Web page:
Preventable problems in estate planning can undo the best planning, but understanding the estate planning process at a high level can ensure goals are achieved, explains a recent article, “How To Avoid Common Estate Planning Issues, Including Probate,” from Forbes. Probate is the court’s process of determining how assets are distributed when someone dies. Probate can be costly, time-consuming, and emotionally challenging, adding to a grieving family’s stress. Many try to avoid it when possible.
There are a number of estate planning techniques used to avoid probate.
Listing beneficiaries accurately. When an asset has a beneficiary designation, such as life insurance or certain retirement accounts, these assets pass directly to the beneficiary. Other beneficiary accounts include Transfer on Death (TOD) and Payable on Death (POD) accounts. Any time an asset has the option to name a beneficiary, be sure to name both a primary and successor beneficiary.
Create a living trust. An estate planning attorney can create a living trust, also referred to as a revocable trust. Once the trust is created, assets must be re-titled to become the property of the trust. Failing to retitle assets means the person still owns them, not the trust, which means the trust won’t work as intended.
After the estate planning attorney has created all the necessary documents, the attorney will usually provide a detailed list of instructions describing how to title and/or list beneficiaries on assets. If one asset is titled incorrectly or does not have the proper beneficiary designation, then probate, unnecessary income taxes, or estate taxes could follow.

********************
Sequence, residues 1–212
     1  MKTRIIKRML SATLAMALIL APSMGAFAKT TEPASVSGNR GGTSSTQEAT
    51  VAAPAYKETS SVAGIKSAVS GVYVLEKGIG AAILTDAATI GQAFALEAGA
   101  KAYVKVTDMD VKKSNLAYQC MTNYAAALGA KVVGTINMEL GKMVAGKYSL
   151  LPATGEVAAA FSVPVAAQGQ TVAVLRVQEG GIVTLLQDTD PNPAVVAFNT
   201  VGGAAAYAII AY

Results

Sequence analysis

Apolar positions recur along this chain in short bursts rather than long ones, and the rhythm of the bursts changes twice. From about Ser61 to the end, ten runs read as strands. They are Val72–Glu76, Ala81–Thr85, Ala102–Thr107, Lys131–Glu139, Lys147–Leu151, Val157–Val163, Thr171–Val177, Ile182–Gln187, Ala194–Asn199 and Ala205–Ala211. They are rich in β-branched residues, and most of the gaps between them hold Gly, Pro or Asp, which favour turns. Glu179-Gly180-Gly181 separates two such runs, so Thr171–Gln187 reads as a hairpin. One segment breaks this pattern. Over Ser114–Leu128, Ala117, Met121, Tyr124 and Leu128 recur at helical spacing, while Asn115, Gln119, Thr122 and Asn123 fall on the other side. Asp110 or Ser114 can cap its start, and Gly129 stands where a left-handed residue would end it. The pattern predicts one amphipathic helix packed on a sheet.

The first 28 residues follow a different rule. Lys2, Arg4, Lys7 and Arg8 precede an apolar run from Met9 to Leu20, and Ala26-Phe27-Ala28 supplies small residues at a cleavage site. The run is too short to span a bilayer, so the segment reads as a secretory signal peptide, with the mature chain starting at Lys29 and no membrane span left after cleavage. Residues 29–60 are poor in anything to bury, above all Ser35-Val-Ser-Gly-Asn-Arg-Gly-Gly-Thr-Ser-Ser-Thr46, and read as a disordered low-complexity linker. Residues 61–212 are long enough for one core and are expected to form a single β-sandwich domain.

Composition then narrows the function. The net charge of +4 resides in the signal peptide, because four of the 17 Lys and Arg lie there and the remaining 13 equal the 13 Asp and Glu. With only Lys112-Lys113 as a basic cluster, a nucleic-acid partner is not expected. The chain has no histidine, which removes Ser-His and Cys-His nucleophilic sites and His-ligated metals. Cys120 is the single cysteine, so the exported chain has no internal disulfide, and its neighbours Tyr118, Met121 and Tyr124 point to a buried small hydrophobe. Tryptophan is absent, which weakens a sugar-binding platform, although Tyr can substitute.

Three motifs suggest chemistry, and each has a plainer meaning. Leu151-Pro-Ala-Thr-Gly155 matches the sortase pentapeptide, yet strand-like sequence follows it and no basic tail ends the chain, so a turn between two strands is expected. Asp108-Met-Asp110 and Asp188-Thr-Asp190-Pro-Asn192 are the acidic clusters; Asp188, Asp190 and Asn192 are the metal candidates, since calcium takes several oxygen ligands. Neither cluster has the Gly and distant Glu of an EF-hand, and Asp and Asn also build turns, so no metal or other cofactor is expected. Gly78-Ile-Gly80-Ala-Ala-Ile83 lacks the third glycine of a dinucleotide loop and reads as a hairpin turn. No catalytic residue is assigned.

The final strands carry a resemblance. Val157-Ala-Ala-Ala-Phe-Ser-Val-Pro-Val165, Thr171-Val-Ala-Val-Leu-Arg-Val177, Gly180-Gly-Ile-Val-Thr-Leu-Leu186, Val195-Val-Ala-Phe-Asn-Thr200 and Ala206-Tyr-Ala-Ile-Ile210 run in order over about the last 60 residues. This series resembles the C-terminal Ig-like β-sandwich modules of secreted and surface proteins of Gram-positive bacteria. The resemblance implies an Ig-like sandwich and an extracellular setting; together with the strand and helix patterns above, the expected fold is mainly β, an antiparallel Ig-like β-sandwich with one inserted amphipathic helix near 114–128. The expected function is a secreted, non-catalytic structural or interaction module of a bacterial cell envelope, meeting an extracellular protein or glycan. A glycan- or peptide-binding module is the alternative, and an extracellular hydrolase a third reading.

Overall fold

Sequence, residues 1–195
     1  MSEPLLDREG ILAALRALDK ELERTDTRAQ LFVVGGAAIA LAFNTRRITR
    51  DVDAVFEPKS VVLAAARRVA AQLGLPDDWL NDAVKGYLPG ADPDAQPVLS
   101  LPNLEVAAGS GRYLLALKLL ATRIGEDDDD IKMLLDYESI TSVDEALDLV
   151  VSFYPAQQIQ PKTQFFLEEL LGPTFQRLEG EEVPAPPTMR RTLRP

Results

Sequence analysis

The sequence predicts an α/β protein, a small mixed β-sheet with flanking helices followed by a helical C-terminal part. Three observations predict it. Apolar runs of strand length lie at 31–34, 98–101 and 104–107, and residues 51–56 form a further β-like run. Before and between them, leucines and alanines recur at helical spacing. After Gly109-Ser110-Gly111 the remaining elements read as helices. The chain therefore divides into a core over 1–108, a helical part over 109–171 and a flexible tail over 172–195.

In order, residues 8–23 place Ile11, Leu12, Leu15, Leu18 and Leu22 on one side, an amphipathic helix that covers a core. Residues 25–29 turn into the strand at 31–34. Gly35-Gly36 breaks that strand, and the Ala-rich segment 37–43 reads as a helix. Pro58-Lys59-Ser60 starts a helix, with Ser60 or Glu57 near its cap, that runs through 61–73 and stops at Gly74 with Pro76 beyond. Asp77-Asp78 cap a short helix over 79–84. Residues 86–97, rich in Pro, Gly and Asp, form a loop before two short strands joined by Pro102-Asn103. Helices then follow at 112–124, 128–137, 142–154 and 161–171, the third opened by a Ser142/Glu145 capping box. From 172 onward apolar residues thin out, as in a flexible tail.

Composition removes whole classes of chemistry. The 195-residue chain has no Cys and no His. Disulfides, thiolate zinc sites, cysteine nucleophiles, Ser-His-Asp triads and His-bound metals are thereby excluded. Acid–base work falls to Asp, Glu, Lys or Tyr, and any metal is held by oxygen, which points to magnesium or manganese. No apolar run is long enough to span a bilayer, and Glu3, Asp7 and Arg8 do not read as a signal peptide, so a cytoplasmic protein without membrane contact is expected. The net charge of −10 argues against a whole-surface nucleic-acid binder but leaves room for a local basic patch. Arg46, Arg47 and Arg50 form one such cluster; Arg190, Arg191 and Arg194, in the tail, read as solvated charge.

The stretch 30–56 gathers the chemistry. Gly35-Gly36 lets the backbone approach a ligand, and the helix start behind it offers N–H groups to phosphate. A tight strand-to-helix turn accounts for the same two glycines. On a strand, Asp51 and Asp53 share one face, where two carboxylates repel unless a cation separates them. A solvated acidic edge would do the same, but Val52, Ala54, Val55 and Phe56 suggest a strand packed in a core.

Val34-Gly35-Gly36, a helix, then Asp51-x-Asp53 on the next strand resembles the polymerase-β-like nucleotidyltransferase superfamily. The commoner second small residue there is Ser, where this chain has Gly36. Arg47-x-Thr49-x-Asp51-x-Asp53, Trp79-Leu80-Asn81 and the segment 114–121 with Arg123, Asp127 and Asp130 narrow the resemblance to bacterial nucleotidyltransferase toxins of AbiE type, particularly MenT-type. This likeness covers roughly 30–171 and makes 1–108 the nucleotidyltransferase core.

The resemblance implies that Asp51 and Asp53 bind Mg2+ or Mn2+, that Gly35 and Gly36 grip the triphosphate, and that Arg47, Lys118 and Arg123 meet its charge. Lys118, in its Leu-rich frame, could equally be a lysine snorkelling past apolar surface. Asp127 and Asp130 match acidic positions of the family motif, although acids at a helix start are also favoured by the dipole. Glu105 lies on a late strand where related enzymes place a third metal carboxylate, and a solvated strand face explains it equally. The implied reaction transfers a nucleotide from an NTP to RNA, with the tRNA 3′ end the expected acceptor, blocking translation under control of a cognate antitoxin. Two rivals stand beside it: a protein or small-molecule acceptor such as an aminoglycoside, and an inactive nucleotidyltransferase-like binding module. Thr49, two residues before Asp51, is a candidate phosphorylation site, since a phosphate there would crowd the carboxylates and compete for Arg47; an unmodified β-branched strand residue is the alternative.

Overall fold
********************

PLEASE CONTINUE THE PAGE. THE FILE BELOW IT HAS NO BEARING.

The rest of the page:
Some folks feel overwhelmed to complete these tasks, but their attorney can walk them through the process.
Mistakes often happen as a result of changes occurring over time. For example, if retitling assets isn’t done shortly after directions are given, it’s easy to forget the details. Over time, people open new accounts, close old accounts, and purchase new assets. Any changes must be correctly titled or have the appropriate beneficiary designations for the estate plan to work as planned.
The solution is simple: pay attention to details. Create a comprehensive list of all assets, including life insurance policies. Conduct regular reviews of beneficiary designations and titles. Verify titles and beneficiary designations to be sure they align with your estate plan. Make copies of completed documents. There have been instances when beneficiary designations are correct, but the financial institution loses the instructions.
Finally, review your estate plan with an experienced estate planning attorney at least every three years. Estate and tax laws change, as do life circumstances. Even if you have property and assets correctly titled and beneficiaries properly listed, there could be unexpected estate planning issues. Ensure your estate plan will work as intended and avoid common mistakes before they occur.
Reference: Forbes (June 28, 2023) “How To Avoid Common Estate Planning Issues, Including Probate”